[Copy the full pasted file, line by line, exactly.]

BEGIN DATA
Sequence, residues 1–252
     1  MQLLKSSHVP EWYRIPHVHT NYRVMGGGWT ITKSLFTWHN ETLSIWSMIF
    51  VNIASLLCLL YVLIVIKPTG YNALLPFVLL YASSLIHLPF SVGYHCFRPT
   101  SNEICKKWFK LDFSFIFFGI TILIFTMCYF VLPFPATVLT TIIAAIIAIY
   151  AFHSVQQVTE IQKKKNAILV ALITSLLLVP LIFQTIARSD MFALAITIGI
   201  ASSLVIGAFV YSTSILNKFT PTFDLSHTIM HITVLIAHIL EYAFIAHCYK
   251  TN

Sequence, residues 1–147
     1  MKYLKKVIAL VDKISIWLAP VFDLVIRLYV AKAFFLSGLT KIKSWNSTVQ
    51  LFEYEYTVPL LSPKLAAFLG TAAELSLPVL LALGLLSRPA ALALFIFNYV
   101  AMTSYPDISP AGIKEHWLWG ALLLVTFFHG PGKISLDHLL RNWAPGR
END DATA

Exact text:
Sequence, residues 1–252
     1  MQLLKSSHVP EWYRIPHVHT NYRVMGGGWT ITKSLFTWHN ETLSIWSMIF
    51  VNIASLLCLL YVLIVIKPTG YNALLPFVLL YASSLIHLPF SVGYHCFRPT
   101  SNEICKKWFK LDFSFIFFGI TILIFTMCYF VLPFPATVLT TIIAAIIAIY
   151  AFHSVQQVTE IQKKKNAILV ALITSLLLVP LIFQTIARSD MFALAITIGI
   201  ASSLVIGAFV YSTSILNKFT PTFDLSHTIM HITVLIAHIL EYAFIAHCYK
   251  TN

Sequence, residues 1–147
     1  MKYLKKVIAL VDKISIWLAP VFDLVIRLYV AKAFFLSGLT KIKSWNSTVQ
    51  LFEYEYTVPL LSPKLAAFLG TAAELSLPVL LALGLLSRPA ALALFIFNYV
   101  AMTSYPDISP AGIKEHWLWG ALLLVTFFHG PGKISLDHLL RNWAPGR